Growing Israeli innovation in the US

Israeli startups get nurtured and mentored in UpWest Labs, a Silicon Valley high-tech accelerator founded just for them.

Shuly Galili had been working for a dozen years at the California-Israel Chamber of Commerce in Silicon Valley when she decided to take her passion for growing Israeli business in the US to a higher level.

Two years ago, she cofounded UpWest Labs, a high-tech accelerator based on the model of YCombinator and Techstars.

She and her partners take a handful of Israeli startups for four months at a time, and run them through basic training at a startup bootcamp in Silicon Valley, the place where every Israeli company aspires to be.

What happens inside UpWest Labs could make some great reality TV fodder. “We do have offers,” says Galili, “but it’s not in our plans. We are running an accelerator, not a TV show. But yes, it’s a very rich environment.”

Like a mama bear, Galili nurtures, supports and networks fresh companies through the course of their four-month journey and beyond.

Armed with several thousands of dollars in seed funding, some 33 companies to date have passed through the UpWest Lab. In total, some $20 million in follow-up seed and investment money has been raised by these companies.

They include the “Internet of things” firm Neura, which is connecting smart devices to a central brain; HoneyBook, a husband-and-wife team taking on the challenge of wedding planning; and Sentinel Labs, a security company looking to protect identities in social media.

About 70 mentors — in addition to Galili and co-founders Gil Ben Artzy, formerly in acquisitions at Yahoo, and Liron Petrushka, a startup investor and serial entrepreneur — provide Israeli startups with ideas and knowledge.

“Some are successful like Noam Bardin from Waze, who comes regularly, but it could be people from strategic roles at Facebook, Google or Dropbox, or people who are experts in domains in user interface or marketing or growth hacking,” Galili tells ISRAEL21c.

“These are people who really have seen, and who have worked with, products that scale. Scale is really important when you bring Israeli startups to Silicon Valley. The reason we started UpWest Labs is that we felt the single most important challenge for a lot of the entrepreneurs is not raising money or finding investors. They have phenomenal technology and knowhow, but are miles away from their customers and market.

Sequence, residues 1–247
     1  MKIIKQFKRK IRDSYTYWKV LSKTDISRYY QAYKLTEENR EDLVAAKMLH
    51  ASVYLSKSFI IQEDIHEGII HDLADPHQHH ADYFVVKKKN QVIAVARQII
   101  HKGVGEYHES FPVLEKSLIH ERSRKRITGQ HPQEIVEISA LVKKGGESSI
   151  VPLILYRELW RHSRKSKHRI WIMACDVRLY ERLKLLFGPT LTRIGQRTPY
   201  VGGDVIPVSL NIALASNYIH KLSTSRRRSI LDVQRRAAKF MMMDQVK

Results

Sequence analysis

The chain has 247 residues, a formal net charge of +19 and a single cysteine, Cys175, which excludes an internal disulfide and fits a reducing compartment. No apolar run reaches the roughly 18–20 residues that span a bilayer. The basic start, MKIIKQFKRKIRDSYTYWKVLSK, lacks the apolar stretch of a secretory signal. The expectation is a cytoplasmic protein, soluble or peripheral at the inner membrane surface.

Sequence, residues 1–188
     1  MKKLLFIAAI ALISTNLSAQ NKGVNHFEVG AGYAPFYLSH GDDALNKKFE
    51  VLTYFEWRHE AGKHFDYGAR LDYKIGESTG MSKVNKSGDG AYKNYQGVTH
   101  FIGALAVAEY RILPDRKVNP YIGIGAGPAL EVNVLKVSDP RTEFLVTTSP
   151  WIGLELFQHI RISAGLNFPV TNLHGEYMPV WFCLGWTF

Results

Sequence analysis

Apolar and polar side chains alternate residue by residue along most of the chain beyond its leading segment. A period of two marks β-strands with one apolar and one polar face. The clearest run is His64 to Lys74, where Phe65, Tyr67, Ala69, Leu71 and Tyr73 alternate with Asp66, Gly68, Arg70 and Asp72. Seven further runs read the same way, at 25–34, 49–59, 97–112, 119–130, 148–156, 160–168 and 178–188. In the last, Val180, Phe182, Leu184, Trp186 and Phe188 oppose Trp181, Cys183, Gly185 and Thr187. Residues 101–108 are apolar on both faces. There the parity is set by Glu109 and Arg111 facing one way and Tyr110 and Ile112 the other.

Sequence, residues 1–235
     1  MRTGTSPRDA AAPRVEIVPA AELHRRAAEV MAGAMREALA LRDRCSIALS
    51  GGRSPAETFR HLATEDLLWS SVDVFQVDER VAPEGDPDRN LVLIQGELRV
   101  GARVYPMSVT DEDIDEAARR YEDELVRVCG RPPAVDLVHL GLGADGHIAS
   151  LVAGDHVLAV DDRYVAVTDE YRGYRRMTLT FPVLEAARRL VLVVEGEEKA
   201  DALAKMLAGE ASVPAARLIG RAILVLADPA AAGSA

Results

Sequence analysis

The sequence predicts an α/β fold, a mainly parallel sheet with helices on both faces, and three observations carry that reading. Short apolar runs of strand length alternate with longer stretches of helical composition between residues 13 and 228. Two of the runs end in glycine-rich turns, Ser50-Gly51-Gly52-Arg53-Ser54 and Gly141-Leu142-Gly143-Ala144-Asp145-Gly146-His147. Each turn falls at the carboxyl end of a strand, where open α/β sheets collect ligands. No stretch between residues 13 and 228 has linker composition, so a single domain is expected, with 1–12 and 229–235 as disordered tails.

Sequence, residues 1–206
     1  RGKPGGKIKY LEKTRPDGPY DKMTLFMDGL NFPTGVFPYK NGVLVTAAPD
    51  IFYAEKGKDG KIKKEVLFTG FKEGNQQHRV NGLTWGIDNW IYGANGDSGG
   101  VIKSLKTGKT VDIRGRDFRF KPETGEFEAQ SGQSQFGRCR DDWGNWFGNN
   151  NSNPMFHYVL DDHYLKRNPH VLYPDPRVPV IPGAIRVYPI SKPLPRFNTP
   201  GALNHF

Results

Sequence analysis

“Because of that, they have a delay of being able to compete with similar technologies here, or to understand if what they’ve built is something the customers want,” says Galili. Being based in Silicon Valley gives the opportunity of running a pilot with some of the giants.

Exposed to more than a culture of silicon

“Israelis are building products for consumers who are mainly Americans, initially. It’s critical to live and breathe the consumer’s environment,” she says. “How do they view privacy, for instance? This is so different than in Israel.

“Or, how do you tell your story. The Israeli story is different than what people are used to hearing over here. Here it’s, ‘Oh I just graduated Stanford, spent five years at Google…’ So we help Israelis tell their unique stories, like the one who had only five customers but $200,000 in revenue from them.”

Israelis, no matter how “hot” their company was in Israel, can be humbled in the Valley, says Galili. “There is a learning curve in how you communicate and follow up on meetings. How do you translate the response you get from people? It sounds so confusing for them. People here are not direct. They don’t like to say ‘no.’ They sugarcoat, which is confusing for Israelis.”

Galili and Ben Artzy had known each other for years before partnering in UpWest.

“We worked hand in hand a lot and saw the same companies who came to Silicon Valley. A lot of the time, Gil and I were working in parallel. I was at the chamber and he was at Yahoo. We kept running in similar circles. Then our third partner joined,” says Galili.

What’s cooking in the lab now? Seven new companies arrived in January to start up at UpWest Labs, which runs on a for-profit model, acquiring a stake in the company for the opportunity of a lifetime to land in Silicon Valley. These newbies will join an extensive alum group of 150 entrepreneurs.

If Galili has her way, the next startup will launch direct flights from the Valley to Israel so that business between the two natural partners in technology can be made easier and smoother.

For more on UpWest Labs, see their website: http://www.upwestlabs.com

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About Karin Kloosterman

Karin Kloosterman is an award-winning environment news publisher who founded Green Prophet (www.greenprophet.com) to connect North Americans to issues that matter in the Middle East. She is the CEO of the Internet of Things startup flux, a company that is making social grow tools for urban farmers everywhere (www.fluxiot.com). Karin can be reached at karin (at) fluxiot.com.